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on higher mountains difficulty in breathing is due to partia pressure of oxygen ,can u pls explain how?

on higher mountains difficulty in breathing is due to partia pressure of oxygen ,can u pls explain how?

Grade:12th pass

1 Answers

Aabid Hussain
askIITians Faculty 571 Points
4 years ago
When you travel to a place above about 8,000 feet, your body starts telling you there’s something seriously wrong with the air up there. The “thin” air at high altitudes has considerably less oxygen and pressure. This is because the earth’s gravity holds the oxygen close to the surface — so much so thathalfof the oxygen in the atmosphere is found below 18,000 feet. For comparison, Mount Everest is about 29,000 feet.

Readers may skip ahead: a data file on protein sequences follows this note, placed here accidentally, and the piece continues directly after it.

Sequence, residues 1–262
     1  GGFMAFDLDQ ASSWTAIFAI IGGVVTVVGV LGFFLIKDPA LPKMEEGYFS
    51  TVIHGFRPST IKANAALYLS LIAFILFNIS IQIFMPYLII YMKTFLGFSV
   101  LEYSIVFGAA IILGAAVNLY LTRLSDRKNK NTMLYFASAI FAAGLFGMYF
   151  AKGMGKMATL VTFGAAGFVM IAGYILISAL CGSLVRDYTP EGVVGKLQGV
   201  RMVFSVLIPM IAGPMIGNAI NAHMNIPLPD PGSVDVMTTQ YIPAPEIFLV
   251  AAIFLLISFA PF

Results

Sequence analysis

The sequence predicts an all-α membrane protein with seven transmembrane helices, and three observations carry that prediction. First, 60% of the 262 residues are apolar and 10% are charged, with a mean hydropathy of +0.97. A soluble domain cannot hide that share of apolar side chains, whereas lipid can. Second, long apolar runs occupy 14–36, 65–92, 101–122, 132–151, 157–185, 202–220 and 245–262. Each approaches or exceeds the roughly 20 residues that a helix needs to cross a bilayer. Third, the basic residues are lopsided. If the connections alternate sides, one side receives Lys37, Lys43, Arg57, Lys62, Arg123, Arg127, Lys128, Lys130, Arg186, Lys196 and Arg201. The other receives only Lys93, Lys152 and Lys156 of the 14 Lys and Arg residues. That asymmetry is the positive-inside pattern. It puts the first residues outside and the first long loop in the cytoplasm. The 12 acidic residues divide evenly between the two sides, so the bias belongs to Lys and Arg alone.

With so much less oxygen, your body has to breathe more to get the same amount of oxygen. This leads to the shortness of breath, dizziness and tiredness indicative of altitude sickness.

In order for your lungs to breathe air in without difficulty, the pressure has to be higher outside your body. But at high altitudes, the outside air pressure is lower than it is inside your lungs, making it more difficult to pull in the thinner air and for your veins to pump oxygen throughout the body. As a result, heart rate and blood pressure rises high. This can lead to more unpleasant symptoms, including headache and confusion.

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